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Obituary: The Very Revd Colin Slee, Dean of Southwark

London SE1 website team

Colin Slee, Dean of Southwark, has died after a short illness and just a fortnight after his 65th birthday.

Colin Slee
Colin Slee announcing the results of the annual Better Bankside Shrove Tuesday pancake race in Montague Close

He came to Southwark in 1994 when as head of the cathedral he was known as Provost. He became the first Dean in 2000 after legislation introduced the title for all Anglican cathedrals.

But his riverside residence retained the name Provost's Lodging and there he was the only dean to look out of his window and see the 'wrong' cathedral.

Colin mischeviously enjoyed claiming that Southwark Cathedral was older and preferable to St Paul's. Southwark did better by, for example, not having an admission charge. When new floodlighting was installed he pointed out that it was more energy efficient than the lights across the water.

Although Southwark Cathedral was well-known from the radical days of so-called 'South Bank religion' it was under the leadership of Colin Slee, who had once been influenced by John Robinson's Honest to God, that it became a much visited church.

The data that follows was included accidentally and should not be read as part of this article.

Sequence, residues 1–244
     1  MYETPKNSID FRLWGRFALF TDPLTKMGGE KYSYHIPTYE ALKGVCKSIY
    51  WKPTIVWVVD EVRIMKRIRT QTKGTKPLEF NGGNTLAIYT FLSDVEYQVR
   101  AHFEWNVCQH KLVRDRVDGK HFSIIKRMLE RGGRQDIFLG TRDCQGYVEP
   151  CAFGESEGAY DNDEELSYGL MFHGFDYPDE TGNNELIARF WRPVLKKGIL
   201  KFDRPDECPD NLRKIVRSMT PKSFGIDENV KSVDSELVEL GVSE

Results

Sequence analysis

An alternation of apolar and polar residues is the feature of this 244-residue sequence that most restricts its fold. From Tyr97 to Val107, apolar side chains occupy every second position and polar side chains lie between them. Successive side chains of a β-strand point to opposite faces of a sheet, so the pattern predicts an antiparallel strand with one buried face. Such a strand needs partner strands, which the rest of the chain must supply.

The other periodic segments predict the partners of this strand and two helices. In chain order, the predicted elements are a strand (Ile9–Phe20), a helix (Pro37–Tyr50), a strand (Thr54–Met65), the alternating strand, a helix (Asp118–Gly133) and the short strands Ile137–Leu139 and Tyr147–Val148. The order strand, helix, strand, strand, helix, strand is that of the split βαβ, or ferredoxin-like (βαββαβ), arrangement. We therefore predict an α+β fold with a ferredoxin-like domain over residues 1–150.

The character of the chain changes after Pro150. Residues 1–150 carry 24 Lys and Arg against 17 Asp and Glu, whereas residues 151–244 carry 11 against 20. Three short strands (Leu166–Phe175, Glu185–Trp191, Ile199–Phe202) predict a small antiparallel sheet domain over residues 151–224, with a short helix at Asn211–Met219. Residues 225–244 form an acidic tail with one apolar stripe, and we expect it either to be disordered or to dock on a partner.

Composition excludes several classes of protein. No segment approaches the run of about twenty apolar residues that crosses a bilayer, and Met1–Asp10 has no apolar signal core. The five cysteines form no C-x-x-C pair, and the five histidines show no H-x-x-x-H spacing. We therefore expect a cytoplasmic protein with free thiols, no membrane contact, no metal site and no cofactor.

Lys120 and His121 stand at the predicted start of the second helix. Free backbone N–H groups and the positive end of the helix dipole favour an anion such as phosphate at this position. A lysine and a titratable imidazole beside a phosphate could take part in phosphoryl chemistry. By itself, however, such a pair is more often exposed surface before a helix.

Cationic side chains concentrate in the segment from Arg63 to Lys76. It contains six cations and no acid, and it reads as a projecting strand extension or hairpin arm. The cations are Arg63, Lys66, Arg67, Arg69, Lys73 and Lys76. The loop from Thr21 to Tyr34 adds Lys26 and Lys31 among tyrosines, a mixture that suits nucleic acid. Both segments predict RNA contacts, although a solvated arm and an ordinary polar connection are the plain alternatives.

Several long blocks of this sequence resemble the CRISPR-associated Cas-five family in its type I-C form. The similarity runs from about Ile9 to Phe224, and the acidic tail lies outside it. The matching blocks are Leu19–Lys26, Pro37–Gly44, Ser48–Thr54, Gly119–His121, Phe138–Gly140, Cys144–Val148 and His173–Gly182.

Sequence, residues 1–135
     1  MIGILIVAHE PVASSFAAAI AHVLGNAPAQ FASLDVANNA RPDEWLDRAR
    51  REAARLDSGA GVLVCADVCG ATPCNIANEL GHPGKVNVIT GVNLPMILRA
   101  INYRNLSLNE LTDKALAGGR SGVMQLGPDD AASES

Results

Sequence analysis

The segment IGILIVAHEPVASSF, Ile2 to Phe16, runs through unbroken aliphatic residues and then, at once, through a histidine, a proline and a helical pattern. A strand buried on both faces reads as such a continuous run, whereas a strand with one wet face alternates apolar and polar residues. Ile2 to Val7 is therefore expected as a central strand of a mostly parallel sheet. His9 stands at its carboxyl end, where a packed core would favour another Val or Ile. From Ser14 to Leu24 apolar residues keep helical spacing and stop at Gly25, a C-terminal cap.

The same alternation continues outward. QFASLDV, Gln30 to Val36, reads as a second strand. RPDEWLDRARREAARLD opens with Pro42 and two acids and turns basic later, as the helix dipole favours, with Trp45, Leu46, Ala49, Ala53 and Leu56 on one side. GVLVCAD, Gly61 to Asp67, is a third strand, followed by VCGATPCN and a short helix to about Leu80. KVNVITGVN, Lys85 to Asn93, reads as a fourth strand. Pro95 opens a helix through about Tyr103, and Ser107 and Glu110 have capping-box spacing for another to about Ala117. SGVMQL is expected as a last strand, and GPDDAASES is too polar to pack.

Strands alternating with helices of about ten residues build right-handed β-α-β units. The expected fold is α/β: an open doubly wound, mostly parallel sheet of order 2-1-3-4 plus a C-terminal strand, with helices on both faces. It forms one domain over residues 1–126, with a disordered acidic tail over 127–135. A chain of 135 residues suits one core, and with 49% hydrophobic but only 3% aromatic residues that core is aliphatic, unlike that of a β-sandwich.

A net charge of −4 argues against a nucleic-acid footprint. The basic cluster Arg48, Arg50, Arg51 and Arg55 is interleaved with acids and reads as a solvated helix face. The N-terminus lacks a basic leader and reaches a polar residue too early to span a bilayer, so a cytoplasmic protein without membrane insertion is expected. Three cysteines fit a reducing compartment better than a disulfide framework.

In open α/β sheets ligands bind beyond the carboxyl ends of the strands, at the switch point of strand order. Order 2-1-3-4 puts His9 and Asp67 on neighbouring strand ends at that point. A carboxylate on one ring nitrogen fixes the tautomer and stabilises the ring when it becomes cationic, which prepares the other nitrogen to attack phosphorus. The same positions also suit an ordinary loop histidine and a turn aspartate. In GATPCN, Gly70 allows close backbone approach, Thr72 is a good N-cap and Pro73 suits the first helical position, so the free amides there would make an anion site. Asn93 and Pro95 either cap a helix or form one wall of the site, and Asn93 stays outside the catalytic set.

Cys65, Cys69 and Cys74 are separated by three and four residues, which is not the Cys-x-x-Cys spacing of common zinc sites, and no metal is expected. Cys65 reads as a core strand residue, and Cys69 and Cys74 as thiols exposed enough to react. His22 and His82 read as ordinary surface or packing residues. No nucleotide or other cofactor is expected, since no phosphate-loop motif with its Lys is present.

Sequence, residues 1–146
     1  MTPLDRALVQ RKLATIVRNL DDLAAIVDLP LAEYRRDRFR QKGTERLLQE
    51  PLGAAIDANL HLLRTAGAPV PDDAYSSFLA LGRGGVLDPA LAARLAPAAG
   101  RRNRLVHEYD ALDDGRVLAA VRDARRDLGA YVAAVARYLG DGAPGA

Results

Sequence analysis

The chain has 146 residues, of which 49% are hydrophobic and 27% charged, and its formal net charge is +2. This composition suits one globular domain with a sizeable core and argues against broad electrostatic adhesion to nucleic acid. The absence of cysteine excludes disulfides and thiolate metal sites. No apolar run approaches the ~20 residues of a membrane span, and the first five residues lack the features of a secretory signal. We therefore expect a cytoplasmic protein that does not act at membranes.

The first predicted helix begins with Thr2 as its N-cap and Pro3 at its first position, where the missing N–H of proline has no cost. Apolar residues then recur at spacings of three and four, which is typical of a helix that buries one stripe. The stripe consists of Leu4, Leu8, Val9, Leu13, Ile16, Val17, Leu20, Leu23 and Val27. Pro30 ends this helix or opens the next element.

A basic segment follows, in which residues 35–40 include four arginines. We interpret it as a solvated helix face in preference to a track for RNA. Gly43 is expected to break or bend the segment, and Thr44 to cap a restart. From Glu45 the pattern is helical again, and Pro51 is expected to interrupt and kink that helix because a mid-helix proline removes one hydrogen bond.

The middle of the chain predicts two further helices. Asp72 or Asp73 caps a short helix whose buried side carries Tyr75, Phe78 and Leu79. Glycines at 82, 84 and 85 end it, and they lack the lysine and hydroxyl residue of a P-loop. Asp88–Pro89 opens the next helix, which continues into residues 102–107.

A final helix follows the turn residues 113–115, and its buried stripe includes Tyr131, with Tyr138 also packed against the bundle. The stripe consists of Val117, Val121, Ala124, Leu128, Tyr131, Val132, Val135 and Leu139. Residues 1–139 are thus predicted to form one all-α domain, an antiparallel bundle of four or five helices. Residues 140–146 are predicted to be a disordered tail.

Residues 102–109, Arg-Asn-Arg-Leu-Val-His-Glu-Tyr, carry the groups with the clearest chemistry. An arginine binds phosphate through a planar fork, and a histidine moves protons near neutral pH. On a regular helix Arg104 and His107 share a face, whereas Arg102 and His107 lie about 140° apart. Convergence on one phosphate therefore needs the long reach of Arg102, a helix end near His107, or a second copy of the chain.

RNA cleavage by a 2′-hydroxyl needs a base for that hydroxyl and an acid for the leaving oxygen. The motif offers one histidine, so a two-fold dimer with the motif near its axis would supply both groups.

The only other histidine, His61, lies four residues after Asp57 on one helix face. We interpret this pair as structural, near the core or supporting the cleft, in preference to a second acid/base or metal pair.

Colin spoke of having to manage success as he welcomed a Sunday congregation of hundreds representing a cross section of age, background and ethnicity.

At least a third of the congregation today is made up of local people walking to worship. This is certainly not the case at St Paul's.

Colin Bruce Slee was born on 10 November and educated at Ealing Grammar School, King's College London – where he enjoyed rowing on the Thames – and St Augustine's College Canterbury.

He was ordained deacon in 1970 and priest in 1971 to serve at St Francis, Heartsease, in Norwich. From 1973 to 1976 he was curate at Great St Mary's Cambridge and chaplain of Girton College.

In 1976 he returned to King's London as chaplain and tutor. For eight years from 1982 he was Sub Dean of St Albans Cathedral. Whilst at St Albans he showed his radical side by briefly and controversially displaying an SDP election poster. This caused a colleague to put up a Labour poster.

But it was after moving to Southwark that he became known to a wider audience. He soon became a member of General Synod and the Crown Nominations Commisssion.

Unlike most deans, Colin welcomed the cathedral being also a parish church as it grounded the chapter in the community. He enjoyed being chaplain of Shakespeare's Globe two doors along from his home. He was a trustee of the Millennium Bridge on the other side of his house. He also suffered difficult meetings as a Borough Market trustee.

He was a patron of Southwark Festival which attempted to highlight the local literary and artistic heritage before the area was fashionable. More recently he was a patron of the British School of Osteopathy.

He was an honorary lecturer at Harvard University and was delighted to further forge the Harvard-Southwark link during the 400th anniversary of John Harvard's baptism at the cathedral. But he could not resist suggesting that it was the narrow religious view of such emigrants which had given rise to the phenomenon of the USA's Neo-Conservative right.